Tuesday, December 23, 2008

Trinity and Christmas

It is not uncommon to hear trinitarians speak of Christmas as the "birth of God," or even "God's birthday". Of course, Yahweh Himself has never been begotten, conceived, born, or brought into existence, since he has always been in existence. Nor has Yahweh ever been born as a human being, as is often imagined by trinitarians, as well as some others. Although many claim that some scriptures present a doctrine "incarnation", that is, that Jesus was the Most High and clothed himself with the flesh while still remaining the Most High, such a doctrine is not once actually presented in the Bible.

In effect, what is described by the "incarnation" doctrine would end up with the Jesus having two totally different sentiencies at once, for it is claimed that Jesus was and is omniscient, having a sentiency of abosolutely everything in the entire universe, while at the same time, Jesus, as a human, only had the sentiency of a human, and was thus not omnisicent. In reality, this would mean that Jesus himself is two persons, one with the omniscient sentiency, and one that does not have the omniscient sentiency.

Likewise, traditionally, the very celebration of "Christmas/Noel" has been associated with the false teaching of the "incarnation", indeed, "the Incarnation of God" is often used almost as a synonym for "Christmas/Noel", as can be seen from the following quotes:

"Christmas - The Incarnation of God."

"Christmas Incarnation" "the real meaning of Christmas -- the incarnation of God"

"The greatest miracle in Christmas is of course Incarnation, the birth of God on earth." "The greatest Miracle the world has ever seen thus is Christmas, the incarnation of God."

"to celebrate the birth of Jesus and proclaim their belief in the Incarnation (God made flesh)."

"Advent and Christmas draw our focus to the mystery of the Incarnation, of God becoming man."

"Christmas is the celebration of the incarnation of God."

"the account of incarnate deity.... " (The context shows that the author is using the word "deity" to mean the God of the Bible, the Most High.

"The Feast of the Incarnation... The incarnation of God."

"a holiday celebrating the birth of God Incarnate."

"celebrates the birth of Christ and the wonderful mystery of the incarnation" "the good news of Christmas and the incarnation"

"Birth of Christ, Incarnation, Nativity and Christmas"

"Christmas is the church's celebration of the Incarnation, the supreme mystery that the holy and almighty God took on human flesh and was born in this world of the Virgin Mary."

"The incarnation of God becoming human and actually living among us is the Wonder of the Christmas story."

"Christmas focuses on the incarnation of Jesus" "The Incarnation, then, refers to God taking upon Himself a human form. So when Jesus was born into the world, Godfor one time in all human historybecame man!"

"The Christmas season celebrates the birth of Jesus Christ, the incarnation of God."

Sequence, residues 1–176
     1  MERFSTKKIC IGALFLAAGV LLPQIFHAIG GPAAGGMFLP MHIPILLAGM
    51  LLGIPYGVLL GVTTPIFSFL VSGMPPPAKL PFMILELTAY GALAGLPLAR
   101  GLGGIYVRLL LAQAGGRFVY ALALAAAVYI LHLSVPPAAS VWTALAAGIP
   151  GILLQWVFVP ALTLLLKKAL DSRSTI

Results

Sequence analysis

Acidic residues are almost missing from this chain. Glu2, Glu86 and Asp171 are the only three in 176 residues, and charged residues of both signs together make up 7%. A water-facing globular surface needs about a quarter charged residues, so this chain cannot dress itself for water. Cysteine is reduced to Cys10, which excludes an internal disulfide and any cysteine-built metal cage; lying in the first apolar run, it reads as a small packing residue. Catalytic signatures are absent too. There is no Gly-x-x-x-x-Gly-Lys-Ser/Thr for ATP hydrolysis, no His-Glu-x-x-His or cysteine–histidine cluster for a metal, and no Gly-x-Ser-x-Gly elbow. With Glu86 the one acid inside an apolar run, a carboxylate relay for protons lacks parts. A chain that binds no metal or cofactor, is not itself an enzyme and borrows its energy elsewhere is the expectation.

"The Christmas festival is about the incarnation of God"

"the pinnacle of Advent comes with Christmas, when we celebrate the Incarnation of God. "

"the very heart and meaning of Christmas ... the wonder of the Incarnation (the birth of God-made-man Jesus)"

"The Christmas Marvel" "The birth of God! It took place in Bethlehem."

Thus, by man's self-appointed "orthodox" traditional expression, the event described by the word "Christmas", which is often used as a translation and synonym of "Noel", is seen to mean the "incarnation of God," which, by extension, refers to "the birth of God." As such, "Christmas" is really proclaimed by most "Christians" to be a celebration of man's dogma that Jesus is God, especially that of the trinity doctrine, which dogma has to be added to and read into the scriptures. This dogma of man, in effect, would mean to make Jesus himself into an idol, since it ends up proclaiming the creature to possess the glory that only belongs to the Creator Most High.

The false dogma of man --the incarnation of God -- is also expressed in the Christmas carol, "Hark the Herald Angels Sing"

Veiled in flesh the Godhead see;
Hail th' Incarnate Deity,
Pleased as man with men to dwell
Jesus, our Emmanuel.
Hark! The herald angels sing, "Glory to the newborn King."


Another carol, "In the Bleak Midwinter" says:

In the bleak midwinter a stable-place sufficed
The Lord God incarnate, Jesus Christ.


Another carol, "How Should A King Come" has the lines:

And a King lay hid in a virgins womb, and there were no crowds to see Him come.
At last in a barn in a manger of hay He came, and God incarnate lay!


Since all of these expressions, and the whole idea that Jesus is the God of Abraham, Isaac and Jacob is false, giving Jesus worship that only belongs to the his God is, in effect, idolatry. Yes, we should "flee from idolatry".

How Should a Christian View Thanksgiving and Christmas?

I have also found references to the pagan "noel log", "noel" being used almost as a synonym for "yule".
"Noel Log" and Pagan
"Yule Log" and Pagan

Some related books (I do not necessarily agree with all conclusions given by these authors):

Pagan Christmas: The Plants, Spirits, and Rituals at the Origins of Yuletide

Christmas In Ritual and Tradition: Christian and Pagan

Restoring the Biblical Christ: Is Jesus God?

Divine Truth or Human Tradition? - A Reconsideration of the Roman-Protestant Docrtine of the Trinity

to post comments, questions, etc. on our "Jesus and His God" Discussion Board